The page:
Registration is FREE and takes place Saturday, September 12th
Traverse City, Michigan (August 11, 2020) –
The Great Lakes Region of the Huntington’s Disease Society of America (HDSA) has announced that the Traverse City Team Hope Walk will take place on Saturday, September 12th at 10:00 AM. A virtual walk is a real walk, but on your terms: You get to choose your own course, you can walk in your driveway, neighborhood, in your house and even on treadmill.
Team Hope is HDSA’s largest national grassroots fundraising event, which takes place in over 100 cities across the U.S. and has raised more than $14 million for HD since its inception in 2007. Thousands of families, friends, co-workers, neighbors and communities walk together each year to support HDSA’s mission to improve the lives of people affected by HD and their families.
"Even though COVID-19 is on everyone's mind and negatively impacts our ability to fund raise, the need still exists,” said Betsy Chisholm, Team Hope Walk Coordinator. “Our HD families continue to suffer with this horrible disease. We are not forgetting about their needs, and that's why we are going virtual with our Team Hope Walk this year."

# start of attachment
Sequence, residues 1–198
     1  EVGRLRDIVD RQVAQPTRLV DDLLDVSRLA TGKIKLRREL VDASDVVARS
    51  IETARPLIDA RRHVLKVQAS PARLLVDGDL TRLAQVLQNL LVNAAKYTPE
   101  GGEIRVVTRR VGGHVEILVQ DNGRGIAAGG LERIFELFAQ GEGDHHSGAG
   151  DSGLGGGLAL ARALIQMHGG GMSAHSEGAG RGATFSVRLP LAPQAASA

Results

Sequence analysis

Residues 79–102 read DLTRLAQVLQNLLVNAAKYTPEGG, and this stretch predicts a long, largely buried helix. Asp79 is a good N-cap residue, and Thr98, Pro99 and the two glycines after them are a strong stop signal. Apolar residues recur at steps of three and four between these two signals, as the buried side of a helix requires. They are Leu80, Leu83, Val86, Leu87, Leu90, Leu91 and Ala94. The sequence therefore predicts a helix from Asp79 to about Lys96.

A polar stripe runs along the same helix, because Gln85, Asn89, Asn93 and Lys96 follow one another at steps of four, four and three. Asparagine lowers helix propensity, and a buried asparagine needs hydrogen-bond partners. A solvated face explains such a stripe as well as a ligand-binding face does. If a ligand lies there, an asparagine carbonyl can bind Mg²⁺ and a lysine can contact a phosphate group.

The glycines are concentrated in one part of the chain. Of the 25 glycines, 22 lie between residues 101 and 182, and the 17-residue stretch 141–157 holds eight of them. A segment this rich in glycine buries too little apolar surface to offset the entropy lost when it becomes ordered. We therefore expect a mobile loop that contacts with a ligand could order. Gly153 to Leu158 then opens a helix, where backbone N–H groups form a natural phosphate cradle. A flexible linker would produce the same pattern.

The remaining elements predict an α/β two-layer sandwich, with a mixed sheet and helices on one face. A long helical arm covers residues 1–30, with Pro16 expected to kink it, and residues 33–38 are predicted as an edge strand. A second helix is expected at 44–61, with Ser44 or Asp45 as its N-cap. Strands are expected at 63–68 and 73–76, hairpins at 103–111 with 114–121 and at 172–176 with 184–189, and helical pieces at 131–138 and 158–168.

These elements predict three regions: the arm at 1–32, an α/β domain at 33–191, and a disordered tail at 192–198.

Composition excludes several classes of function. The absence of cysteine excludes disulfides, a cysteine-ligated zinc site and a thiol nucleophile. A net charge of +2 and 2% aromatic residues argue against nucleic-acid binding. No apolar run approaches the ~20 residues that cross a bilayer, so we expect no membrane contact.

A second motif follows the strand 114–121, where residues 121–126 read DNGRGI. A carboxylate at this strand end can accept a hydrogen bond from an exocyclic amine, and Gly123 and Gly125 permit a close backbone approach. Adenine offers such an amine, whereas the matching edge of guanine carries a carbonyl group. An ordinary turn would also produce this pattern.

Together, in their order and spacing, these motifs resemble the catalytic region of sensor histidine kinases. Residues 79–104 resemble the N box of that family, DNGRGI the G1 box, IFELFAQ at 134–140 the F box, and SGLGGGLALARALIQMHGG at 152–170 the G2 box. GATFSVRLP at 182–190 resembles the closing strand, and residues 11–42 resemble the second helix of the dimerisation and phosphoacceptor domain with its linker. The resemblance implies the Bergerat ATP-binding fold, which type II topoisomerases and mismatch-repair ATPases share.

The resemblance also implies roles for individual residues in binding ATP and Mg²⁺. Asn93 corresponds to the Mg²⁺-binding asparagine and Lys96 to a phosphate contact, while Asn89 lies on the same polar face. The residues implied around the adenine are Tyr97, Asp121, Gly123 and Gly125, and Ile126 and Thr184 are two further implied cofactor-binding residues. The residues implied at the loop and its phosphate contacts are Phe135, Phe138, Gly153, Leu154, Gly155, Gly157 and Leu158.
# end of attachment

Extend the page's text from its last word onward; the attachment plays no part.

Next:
For more information about the event, please contact Jennifer Lewis (firstname.lastname@example.org
, 231-649-1254). Online registration and donation can be found at hdsa.org/thwtraversecity
HDSA's Team Hope Walk Program is nationally sponsored by Genentech and Teva Pharmaceuticals.
Huntington’s disease is a fatal genetic disorder that causes the progressive breakdown of nerve cells in the brain. It deteriorates a person’s physical and mental abilities usually during their prime working years and has no cure.
Every child of a parent with HD has a 50/50 chance of inheriting the faulty gene that causes Huntington’s disease. Today, there are approximately 41,000 symptomatic Americans and 200,000 at-risk of inheriting the disease. In less than 10% of cases, juvenile Huntington’s disease (JHD) affects children & adolescents. JHD usually has a more rapid progression rate than adult onset HD; the earlier the onset, the faster JHD progresses. HD is described as having ALS, Parkinson’s and Alzheimer’s diseases – simultaneously. HD is characterized by a triad of symptoms, including progressive motor dysfunction, behavioral disturbance and cognitive decline.
To learn more about Huntington’s disease and the work of the Huntington’s Disease Society of America, visit www.HDSA.org or call (800) 345-HDSA.